Friday, October 3, 2014

What now, #GamerGate?

Well it’s been over a month now since the rise of #GamerGate, and if you’ve still not heard of it, I recommend scrolling back through my previous work to read this post, this post, and this one to get you started. Or for those TL;DR folks, #GamerGate is a consumer revolt by gamers who have gotten fed up with the corruption in the video game industry and the utter lack of journalistic ethics in a gaming media that seems hell bent on pushing a progressive sociopolitical narrative into gaming.

I sat down to write this post in the midst of the natural lull one might expect in an Internet-driven conflict lasting this long. People had begun to wonder if this whole thing were coming to an end, with both sides staking claim to victory. Gamers noted the decline in readership of prominent sites, the rise of alternatives like TechRaptor and 8chan, and the tag itself reaching the milestone of 1 million uses suggested the certain demise of the opposition; journowarriors pointed to the lull and general lack of interest on the part of bigger media sites as evidence the tempest in a teapot would soon peter out.  The question on everyone's mind seemed to be "what's next?"

Then Intel went ahead and blew everything up all over again. Responding to requests by gamers, Intel pulled its ads from Gamasutra, one of many websites that contributed to the barrage of “Gamers are dead” articles that really put this whole thing into full swing. That in turn has provoked the same kind of vitriol and journalistic malpractice as those original articles, and so the smoldering embers burn anew.

Fortunately that demonstrates handily how the cycle of lull and victory is the path #GamerGate will take going forward, so long as gamers choose to continue to fight. It’s a war of attrition that can only end once one side has been metaphorically wiped out. With each victory, the losing side will go quiet for a time to regroup and reposition, but another battle will wait just around the corner.

As long as the journowarriors have their sites and their positions, they’ll keep pushing their particular agenda. Calls for #GamerGate to drop the tag “tainted by its misogynistic origins”, appoint leaders, and focus on specific goals will continue as well. On their face, those do seem like perfectly logical and reasonable suggestions. After all, leaders and goals help to focus efforts and reduce the possibility of some random troll trying to speak for the community at large just by slapping the tag on their tweet.

In reality, it’s just a bit of pernicious concern trolling. A leader can be smeared, threatened, bullied, and otherwise taken off the field of battle to leave an army in disarray, and known goalposts can be more easily defended or moved if necessary. As some gamers have noticed, that kind of targeting is precisely the kind of thing called for by the social justice bible of Saul Alinsky’s Rules for Radicals.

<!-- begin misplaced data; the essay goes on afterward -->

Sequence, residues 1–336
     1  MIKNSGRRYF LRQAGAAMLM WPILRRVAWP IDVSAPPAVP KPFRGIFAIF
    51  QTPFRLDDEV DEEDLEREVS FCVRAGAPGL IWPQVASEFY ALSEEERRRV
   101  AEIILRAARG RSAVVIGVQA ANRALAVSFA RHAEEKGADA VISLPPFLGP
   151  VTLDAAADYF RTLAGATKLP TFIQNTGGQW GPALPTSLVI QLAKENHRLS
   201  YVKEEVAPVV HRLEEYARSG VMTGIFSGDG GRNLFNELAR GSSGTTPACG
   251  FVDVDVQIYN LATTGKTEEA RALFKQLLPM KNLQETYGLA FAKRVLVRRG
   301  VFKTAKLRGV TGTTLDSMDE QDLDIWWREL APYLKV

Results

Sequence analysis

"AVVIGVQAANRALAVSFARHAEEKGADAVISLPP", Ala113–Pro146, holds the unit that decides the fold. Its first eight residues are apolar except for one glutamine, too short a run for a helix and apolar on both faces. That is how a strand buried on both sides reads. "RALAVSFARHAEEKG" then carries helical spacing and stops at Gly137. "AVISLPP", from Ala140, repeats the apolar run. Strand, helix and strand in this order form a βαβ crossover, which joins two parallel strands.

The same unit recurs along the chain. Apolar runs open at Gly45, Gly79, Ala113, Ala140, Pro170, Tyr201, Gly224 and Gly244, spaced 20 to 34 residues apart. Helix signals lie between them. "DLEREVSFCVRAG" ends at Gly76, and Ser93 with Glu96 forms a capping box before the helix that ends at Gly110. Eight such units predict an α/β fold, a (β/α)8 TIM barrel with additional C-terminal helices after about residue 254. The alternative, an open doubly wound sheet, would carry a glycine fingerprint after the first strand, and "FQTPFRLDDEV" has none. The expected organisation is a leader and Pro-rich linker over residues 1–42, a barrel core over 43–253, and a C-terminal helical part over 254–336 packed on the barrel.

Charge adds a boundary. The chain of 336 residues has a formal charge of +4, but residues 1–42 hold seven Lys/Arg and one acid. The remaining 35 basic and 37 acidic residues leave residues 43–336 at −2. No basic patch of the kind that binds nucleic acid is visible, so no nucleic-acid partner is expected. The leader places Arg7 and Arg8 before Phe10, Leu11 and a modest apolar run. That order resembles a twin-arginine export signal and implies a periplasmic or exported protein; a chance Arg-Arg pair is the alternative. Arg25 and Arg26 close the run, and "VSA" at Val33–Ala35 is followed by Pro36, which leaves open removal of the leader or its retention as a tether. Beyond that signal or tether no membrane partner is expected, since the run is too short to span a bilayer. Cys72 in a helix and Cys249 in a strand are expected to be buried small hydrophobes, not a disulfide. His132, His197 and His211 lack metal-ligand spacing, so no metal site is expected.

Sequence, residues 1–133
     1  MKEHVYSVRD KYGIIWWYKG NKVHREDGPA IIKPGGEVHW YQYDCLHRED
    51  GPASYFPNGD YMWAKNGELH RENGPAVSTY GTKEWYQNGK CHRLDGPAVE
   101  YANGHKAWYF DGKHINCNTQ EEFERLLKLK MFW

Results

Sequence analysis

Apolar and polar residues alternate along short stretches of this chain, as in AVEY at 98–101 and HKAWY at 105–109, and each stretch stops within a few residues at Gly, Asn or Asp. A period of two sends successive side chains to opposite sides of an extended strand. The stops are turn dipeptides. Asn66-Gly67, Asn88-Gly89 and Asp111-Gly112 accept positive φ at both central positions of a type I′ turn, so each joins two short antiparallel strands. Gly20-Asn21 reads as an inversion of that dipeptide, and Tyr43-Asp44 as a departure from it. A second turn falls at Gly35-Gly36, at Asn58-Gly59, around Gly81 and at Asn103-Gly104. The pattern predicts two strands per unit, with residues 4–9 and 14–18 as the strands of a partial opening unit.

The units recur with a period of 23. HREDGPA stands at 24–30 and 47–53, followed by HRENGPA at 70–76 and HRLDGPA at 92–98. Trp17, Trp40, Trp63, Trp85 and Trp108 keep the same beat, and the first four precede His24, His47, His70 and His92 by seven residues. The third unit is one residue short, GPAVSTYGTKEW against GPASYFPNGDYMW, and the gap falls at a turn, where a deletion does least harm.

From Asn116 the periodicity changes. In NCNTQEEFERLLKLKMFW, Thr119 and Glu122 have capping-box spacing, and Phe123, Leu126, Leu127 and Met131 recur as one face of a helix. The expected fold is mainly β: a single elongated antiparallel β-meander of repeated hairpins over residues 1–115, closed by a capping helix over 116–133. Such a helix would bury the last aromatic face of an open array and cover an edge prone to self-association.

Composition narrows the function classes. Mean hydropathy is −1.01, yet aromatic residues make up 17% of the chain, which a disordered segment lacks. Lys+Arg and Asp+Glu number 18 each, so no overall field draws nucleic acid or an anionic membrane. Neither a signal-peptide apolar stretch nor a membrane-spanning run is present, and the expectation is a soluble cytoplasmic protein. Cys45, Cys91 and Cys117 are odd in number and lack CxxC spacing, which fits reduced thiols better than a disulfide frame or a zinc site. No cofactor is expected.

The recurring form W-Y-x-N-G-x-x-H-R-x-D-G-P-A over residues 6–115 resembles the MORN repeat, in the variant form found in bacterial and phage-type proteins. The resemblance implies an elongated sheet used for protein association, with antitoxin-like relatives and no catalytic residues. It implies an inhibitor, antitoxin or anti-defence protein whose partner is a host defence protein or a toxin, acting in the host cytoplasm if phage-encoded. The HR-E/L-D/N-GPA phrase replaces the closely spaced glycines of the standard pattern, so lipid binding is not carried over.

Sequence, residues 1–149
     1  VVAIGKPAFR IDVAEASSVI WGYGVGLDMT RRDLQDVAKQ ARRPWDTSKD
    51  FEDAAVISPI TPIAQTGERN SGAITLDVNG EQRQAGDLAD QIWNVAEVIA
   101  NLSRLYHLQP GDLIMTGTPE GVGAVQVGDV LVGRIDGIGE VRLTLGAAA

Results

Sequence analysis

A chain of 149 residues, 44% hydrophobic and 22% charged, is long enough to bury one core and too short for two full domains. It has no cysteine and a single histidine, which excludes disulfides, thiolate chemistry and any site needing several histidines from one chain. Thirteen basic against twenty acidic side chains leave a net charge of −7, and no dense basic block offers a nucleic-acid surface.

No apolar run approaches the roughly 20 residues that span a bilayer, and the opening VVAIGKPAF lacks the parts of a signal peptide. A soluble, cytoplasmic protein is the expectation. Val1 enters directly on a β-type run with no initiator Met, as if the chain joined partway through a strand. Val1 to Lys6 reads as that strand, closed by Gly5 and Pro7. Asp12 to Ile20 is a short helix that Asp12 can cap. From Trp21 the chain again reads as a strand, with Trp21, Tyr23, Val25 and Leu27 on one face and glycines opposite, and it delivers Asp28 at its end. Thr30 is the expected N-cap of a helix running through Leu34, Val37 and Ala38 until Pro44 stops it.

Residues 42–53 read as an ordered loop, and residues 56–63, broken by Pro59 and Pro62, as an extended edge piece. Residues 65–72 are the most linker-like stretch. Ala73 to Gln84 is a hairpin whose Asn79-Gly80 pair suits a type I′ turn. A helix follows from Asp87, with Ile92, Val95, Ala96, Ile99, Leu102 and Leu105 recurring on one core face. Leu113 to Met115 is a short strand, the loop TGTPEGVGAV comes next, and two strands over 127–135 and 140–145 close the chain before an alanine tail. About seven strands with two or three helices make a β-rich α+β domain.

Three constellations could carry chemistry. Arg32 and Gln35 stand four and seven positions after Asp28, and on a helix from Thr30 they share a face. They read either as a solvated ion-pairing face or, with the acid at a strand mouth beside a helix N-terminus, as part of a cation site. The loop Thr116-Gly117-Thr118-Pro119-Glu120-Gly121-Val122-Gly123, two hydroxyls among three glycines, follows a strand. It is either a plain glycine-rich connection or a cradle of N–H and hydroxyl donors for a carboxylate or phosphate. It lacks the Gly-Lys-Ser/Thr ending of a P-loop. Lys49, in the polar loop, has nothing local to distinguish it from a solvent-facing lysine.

A disparate swarm of people each with their own particular targets, however, can dig their stingers in again and again until their enemy runs screaming from the field. No one sting will be a decisive death blow though, and therefore if gamers wish to have a more honest, open media bereft of the moral proselytizing of our social betters, they will just have to keep up their pressure from all directions despite the lulls. Whether it’s writing sponsors like Intel, digging into DiGRA as Sargon of Akkad has been, or even the simple act of using the #gamergate and #notyourshield tags in a tweet, each attack is one more bit of damage to the narrative.

That #GamerGate has evolved from a mere hashtag to a full on community of new friends should certainly help with the long road ahead, especially given the opposition already was a tight-knit clique of backscratchers. Thus if any one top priority should exist among #GamerGate supporters, it should be to continue to make connections and further cement the existing ones.

That includes the “right-wing” voices whose attention has been piqued by this conflict and about which many gamers have expressed some concerns. They fear the further encroachment of politics in gaming and/or that the Right simply doesn’t have gamers’ best interests at heart. Personally I think people like Milo Yiannopoulos over at Breitbart have done great work dispelling that fear, but to still apprehensive gamers I would merely restate that every ally attacking the enemy is useful, either as distraction, fodder, or genuine damage dealer.

Whether we fight for political reasons or not, what lies ahead is a long and brutal campaign on perhaps the last front in the larger culture war. There will be endless waves of enemies bent on our collective enslavement to their particular ideology. We're gamers; let’s see how high of a score we can rack up.

Round 2. Fight!

*this post cross-posted at

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